Journalist Bob Timberg on how his life was changed when he survived a landmine explosion in Vietnam.
'Immersive Theater' Finds Footing In Phoenix
The set-up of a traditional play is age-old, actors perform, and you watch. But with immersive theater, those roles are not so defined. The audience is invited to wander through the piece and maybe even interact with its performers. This approach is popping up in cities across the country, but it is just starting in Phoenix.
“The Seven Layers of Bastian Bachman," running through Sunday at the historic Phoenix Ice House is one of the first shows in town taking on this new theme on. When you arrive at the unassuming warehouse in near downtown, you are greeted as if this were any other play.
Then, immediately, things start to get a little weird. A young woman takes your name and then instructs you to “take some glasses and a mask.” A butler will soon collect you, she says. That butler turns out to be another young woman who insists you to put on what look like safety goggles and a surgical mask. You follow her to a door outside the historic Phoenix Ice House, and get ready to go inside someone’s head.
"Watch your step in your journey through memory,” she cautions you, as you try to figure out how to do just that. Now, you are exploring the mind of Bastian Bachman, known as BB, a composer with a brain tumor. His mindscape is represented by three floors and seven rooms of this huge industrial space.
As you wander up stairs and past concrete walls, you come across scenes running simultaneously. A teacher and protégé fight about composing music in a room littered by vinyl. A mother and daughter argue about something, though it’s not clear what. These are BB’s fragmented memories. You can come and go as you please, but that does not mean these vignettes are easy to watch.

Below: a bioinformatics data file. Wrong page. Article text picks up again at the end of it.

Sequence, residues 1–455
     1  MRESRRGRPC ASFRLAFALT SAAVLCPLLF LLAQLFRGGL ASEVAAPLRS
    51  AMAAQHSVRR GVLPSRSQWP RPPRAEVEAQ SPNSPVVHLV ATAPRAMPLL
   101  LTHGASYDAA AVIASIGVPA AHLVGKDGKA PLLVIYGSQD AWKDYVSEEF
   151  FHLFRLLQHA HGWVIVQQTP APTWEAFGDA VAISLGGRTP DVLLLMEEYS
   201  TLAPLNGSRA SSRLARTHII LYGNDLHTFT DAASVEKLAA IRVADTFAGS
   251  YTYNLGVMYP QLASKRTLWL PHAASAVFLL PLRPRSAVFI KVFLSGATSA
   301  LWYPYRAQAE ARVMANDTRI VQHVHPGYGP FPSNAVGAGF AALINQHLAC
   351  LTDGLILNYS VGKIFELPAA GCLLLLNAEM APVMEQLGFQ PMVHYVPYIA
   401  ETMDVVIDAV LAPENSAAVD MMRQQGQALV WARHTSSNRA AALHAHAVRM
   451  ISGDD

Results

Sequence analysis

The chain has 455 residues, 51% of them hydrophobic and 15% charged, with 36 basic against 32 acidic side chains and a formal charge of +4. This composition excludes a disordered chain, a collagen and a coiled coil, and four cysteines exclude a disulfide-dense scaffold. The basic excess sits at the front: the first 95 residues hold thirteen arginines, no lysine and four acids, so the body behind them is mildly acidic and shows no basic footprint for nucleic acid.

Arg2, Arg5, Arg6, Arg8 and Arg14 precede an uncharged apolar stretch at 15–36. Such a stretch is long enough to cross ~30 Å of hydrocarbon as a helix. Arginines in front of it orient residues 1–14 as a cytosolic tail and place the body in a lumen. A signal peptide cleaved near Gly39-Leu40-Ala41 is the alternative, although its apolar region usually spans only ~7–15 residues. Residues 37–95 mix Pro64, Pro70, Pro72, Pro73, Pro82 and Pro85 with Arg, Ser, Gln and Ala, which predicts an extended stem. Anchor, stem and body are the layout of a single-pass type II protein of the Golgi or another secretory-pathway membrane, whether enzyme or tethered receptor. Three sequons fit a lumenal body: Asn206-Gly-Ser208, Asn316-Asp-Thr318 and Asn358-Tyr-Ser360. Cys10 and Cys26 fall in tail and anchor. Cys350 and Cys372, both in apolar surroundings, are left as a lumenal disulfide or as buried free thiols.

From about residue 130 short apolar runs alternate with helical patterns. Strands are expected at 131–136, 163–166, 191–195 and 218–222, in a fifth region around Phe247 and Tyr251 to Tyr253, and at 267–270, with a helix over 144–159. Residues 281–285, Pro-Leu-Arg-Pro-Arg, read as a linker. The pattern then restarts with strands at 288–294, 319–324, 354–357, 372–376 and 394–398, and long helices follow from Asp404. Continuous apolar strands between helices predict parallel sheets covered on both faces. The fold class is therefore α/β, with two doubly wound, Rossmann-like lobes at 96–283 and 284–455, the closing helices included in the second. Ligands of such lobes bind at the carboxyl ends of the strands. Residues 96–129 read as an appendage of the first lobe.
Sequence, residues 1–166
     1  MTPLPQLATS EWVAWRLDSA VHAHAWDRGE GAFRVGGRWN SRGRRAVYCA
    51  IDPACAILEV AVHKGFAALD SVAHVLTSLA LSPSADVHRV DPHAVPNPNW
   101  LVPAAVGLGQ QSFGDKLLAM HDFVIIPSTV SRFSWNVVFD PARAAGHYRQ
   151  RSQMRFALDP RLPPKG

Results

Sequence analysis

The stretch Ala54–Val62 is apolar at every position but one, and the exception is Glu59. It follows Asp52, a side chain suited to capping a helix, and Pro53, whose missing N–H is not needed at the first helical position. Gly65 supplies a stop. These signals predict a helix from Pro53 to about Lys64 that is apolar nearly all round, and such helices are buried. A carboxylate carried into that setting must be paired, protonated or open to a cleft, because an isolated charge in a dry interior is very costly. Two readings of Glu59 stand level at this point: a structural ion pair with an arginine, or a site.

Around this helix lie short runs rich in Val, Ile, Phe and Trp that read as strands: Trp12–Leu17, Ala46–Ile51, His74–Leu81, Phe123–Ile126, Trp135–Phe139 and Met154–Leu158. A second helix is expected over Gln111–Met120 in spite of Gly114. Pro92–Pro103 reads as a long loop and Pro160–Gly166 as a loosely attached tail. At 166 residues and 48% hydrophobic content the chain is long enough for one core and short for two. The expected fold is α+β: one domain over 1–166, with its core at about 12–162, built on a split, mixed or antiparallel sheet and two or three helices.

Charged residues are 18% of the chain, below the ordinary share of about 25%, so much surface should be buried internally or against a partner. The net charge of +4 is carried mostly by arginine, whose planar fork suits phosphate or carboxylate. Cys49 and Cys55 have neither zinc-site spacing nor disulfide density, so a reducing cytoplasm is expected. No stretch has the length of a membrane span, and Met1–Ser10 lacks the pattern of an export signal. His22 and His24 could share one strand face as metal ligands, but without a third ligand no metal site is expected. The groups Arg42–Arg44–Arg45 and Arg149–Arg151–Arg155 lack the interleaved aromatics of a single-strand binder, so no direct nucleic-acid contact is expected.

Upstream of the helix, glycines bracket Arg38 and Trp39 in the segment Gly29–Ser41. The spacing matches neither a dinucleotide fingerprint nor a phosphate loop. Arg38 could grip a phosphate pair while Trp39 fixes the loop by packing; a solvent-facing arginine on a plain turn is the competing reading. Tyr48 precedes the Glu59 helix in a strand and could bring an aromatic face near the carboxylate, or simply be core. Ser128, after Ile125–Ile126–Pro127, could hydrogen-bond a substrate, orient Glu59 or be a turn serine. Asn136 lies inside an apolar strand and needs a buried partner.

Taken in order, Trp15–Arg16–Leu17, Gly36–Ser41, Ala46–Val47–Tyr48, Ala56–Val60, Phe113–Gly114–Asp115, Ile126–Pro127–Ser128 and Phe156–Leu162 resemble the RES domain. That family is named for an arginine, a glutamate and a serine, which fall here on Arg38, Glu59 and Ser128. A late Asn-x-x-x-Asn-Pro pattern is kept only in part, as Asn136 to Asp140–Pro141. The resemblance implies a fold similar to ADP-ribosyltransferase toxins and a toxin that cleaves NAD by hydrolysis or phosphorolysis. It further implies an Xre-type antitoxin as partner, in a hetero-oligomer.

Director Megan Weaver is just fine with that. BB’s experience of the world “is fragmented and is flawed and strange and has weird surreal qualities to it,” she said. “And the fact that the audience has that experience is fitting and intentional.”
The play grew out of a design class at Arizona State University two years ago. Weaver said she and two collaborators combined their interest in neurology, perception and the mind, and Weaver sees immersive theater as a natural way to convey this blend of ideas.
“Rather than it all being delivered in the same format to each individual, the individual experience becomes a huge part of the storytelling,” Weaver explained.
Another huge part of the story? Music. Stephen Kass, known in this show as simple “Dr," he has a booming singing voice and a confident swagger. He plays an untethered, glam-rock version of a physician, complete with deranged nurses as back-up singers. Kass likes this immersive theater thing. He thinks having the audience in his face keeps him on his toes.
“You really have to be honest, because if you’re just totally faking it, just BSing you’re way through this, you’re going to look just awful,” Kass explained. “You’re going to look horrendous, and it’s not going to read."
But it does read and partly because of how personal the actors get. They can pull audience members aside, speak lines directly to them.
As Juliana, BB’s angsty daughter, Jenny Strickland sometimes leads people outside the building and promises to show them a secret. She shows off a childhood hiding place, really just a city sidewalk, as she whispers memories of growing up. Strickland likes these intimate asides.
“Having a moment to speak to another person face to face and just recount a story is refreshing,” Strickland said.
And it is not the type of thing you get with a typical play. Strickland hopes everyone who comes to “Seven Layers” sees that. In her words, the audience gets to “explore theater on their own, individual taste and creates their own story from what we’ve put out in the space.”
To learn more about “The Seven Layers of Bastian Bachman," visit www.seven-layers.weebly.com.